It is estimated that low T affects up to 13 million American men age 45 and older, yet fewer than 10 percent are currently receiving treatment. Because symptoms of low T are subtle and often overlap with other common medical conditions, low T is frequently undiagnosed. The signs and symptoms of low T may include diminished interest in sex, erectile dysfunction (ED), increased fat mass, reduced muscle mass and strength, decreased bone mineral density, depressed mood and fatigue. Men with chronic conditions, such as diabetes, obesity, hypertension, hyperlipidemia and asthma/COPD, are more likely to have low T compared to other men.
"In our study, more than half of the men with diabetes also had low testosterone levels suggesting a higher prevalence of low T among diabetic men than previously reported," said Dr. Sherwyn L. Schwartz, co-investigator and director of the Diabetes & Glandular Disease Clinic in San Antonio. "Men with diabetes who have signs or symptoms of low testosterone should have their testosterone levels checked with a simple blood test. If you're diagnosed with low T, the good news is that the condition very often is treatable."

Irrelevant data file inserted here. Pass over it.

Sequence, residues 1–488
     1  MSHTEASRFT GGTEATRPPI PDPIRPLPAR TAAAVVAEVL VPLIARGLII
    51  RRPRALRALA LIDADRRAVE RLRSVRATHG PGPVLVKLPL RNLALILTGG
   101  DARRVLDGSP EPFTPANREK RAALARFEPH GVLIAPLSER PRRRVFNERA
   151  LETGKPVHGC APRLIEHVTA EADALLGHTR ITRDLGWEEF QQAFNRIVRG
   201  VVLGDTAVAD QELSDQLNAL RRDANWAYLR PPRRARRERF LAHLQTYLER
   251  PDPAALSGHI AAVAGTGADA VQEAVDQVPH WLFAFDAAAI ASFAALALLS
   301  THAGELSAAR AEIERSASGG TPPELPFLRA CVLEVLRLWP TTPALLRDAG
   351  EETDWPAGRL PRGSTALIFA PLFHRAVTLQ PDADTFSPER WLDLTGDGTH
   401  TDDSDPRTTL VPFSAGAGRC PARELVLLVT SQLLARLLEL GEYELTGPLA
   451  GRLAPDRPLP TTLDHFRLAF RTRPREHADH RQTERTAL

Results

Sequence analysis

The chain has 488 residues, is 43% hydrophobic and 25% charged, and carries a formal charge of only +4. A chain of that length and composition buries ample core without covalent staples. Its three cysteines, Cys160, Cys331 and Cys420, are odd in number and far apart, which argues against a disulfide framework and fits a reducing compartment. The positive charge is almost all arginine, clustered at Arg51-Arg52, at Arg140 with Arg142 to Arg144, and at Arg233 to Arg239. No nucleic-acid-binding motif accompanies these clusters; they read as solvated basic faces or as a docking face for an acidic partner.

Several studies have reported that a higher proportion of men with diabetes may have significantly lower testosterone levels than men without diabetes. This is the first cross-sectional study of this size to assess the prevalen